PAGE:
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Continuous Integration: Finding problems soonest

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This is a brief presentation I gave to a DAU class on Continuous Integration in June of 2013.

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Continuous Integration: Finding problems soonest

  1. 1. Continuous Integration Finding problems soonest
  2. 2. Your Software Is Your House • Except, in a complex software project you have many of the same type of contractor and they don't communicate well • For example, if your house were a software project: • Different masons don't make the foundation connect, creating fissures • Different carpenters choose different materials for the subfloor, leading to weak points • Different roofers don’t connect joists the same
  3. 3. But I did my part right!
  4. 4. Some Background • Source code -> Binary code • Source code is what people write • Binary code is what machines run • Compilers turn source code into binary code • Developers do this all of the time (It’s not the 1970s) • Source control holds source code • It tells you who did what and when (accountability) • Provides points in time for milestones • Is key to good Configuration Management • Build servers detect changes in source control and the turn the source code into binary code, run tests, perform inspection, etc. and produce builds
  5. 5. Continuous Integration Goals • Find the problem when it is introduced • On every change (continuous): • Is it intended to meet a requirement (is it gold plating)? • Can anyone compile it (avoid "magic laptops" or "islands of knowledge")? • Did the new code break existing functionality (does it pass automated testing)? • Does it contain known bugs (is the foundation bad)? • Does it contain known security flaws (is it easily hackable)? • Can others work on the code (does it conform to coding standards)? • Does it actually meet the requirement (does it pass functional testing)? • Is deployment reproducible? Can it install?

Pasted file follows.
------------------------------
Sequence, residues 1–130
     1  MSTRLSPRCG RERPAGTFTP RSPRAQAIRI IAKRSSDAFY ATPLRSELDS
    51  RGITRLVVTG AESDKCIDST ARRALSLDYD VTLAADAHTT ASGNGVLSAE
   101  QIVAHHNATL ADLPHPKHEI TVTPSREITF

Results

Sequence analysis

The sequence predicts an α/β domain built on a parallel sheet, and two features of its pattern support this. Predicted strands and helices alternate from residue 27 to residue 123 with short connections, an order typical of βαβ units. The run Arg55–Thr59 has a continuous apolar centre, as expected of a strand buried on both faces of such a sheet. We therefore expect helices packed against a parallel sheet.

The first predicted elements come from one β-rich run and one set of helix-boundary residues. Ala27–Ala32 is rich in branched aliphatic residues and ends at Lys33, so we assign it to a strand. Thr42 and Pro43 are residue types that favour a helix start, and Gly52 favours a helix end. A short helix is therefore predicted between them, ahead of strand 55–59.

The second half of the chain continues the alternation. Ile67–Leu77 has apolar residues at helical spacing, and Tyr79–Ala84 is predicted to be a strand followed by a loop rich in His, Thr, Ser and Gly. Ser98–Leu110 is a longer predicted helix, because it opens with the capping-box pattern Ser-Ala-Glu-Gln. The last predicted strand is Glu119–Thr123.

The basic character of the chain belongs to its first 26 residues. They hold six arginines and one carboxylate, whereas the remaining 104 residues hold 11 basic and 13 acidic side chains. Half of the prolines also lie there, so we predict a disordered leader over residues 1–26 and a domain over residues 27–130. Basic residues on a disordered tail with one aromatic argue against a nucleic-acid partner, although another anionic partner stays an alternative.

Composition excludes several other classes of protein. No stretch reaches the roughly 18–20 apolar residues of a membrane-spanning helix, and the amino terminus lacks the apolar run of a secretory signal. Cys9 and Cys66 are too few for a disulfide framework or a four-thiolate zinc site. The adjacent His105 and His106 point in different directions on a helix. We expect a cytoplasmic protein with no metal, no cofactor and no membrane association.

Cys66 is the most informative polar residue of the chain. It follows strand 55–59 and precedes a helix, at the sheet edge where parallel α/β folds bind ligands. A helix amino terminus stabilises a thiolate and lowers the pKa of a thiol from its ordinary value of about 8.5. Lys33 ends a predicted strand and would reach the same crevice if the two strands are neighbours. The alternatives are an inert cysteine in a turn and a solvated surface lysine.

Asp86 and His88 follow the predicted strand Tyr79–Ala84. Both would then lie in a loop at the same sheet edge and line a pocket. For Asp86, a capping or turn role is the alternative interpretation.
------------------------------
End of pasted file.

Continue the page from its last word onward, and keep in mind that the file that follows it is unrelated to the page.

6. 6. Typical CI Process Source Control Management Requirements System Build System 3. compiles code 4. scans code 5. runs unit tests 6. creates install package 2. verifies requirement traceability 7. deploys install package to target environment 8. runs integration/regression tests 9. reports progress of each step 1. checks in code
  7. 7. If a Build Fails • If any of the evaluations fail, mark the build as FAILED! • No finger pointing! You know who did it! • Immediately, the developers: • Fix the code, or • Roll back the code to a known good state • If you don’t do either, then developers continue building on a bad foundation
  8. 8. If a Build Succeeds You may have a candidate for a releasable product!
  9. 9. Requirements for CI • requirements and architecture are well understood • target environment is known and available • an automated deployment mechanism exists • someone to coordinate and champion process • automated tests actually exist and are correct • transaction-based source control system • developers respond to bad builds quickly • the systems who support CI can interoperate with one another • everyone does their job, it’s not a replacement for other good processes
  10. 10. Concerns with CI • CI requires personnel to maintain and develop • Sometimes failures are due to the environment • It takes time and effort to remove these issues • CI can not perform review tasks which require people: • User testing • Documentation review • Some builds take a long time • Use a build engineer to help the architect break up the software into smaller modules • Run some scans/tests nightly rather than on every change
  11. 11. Summary • CI is all about detecting the problem as it is inserted into the product • CI accomplishes this by running tests and scans code at every change • CI requires a personnel and hardware investment • CI pays off for defect reduction

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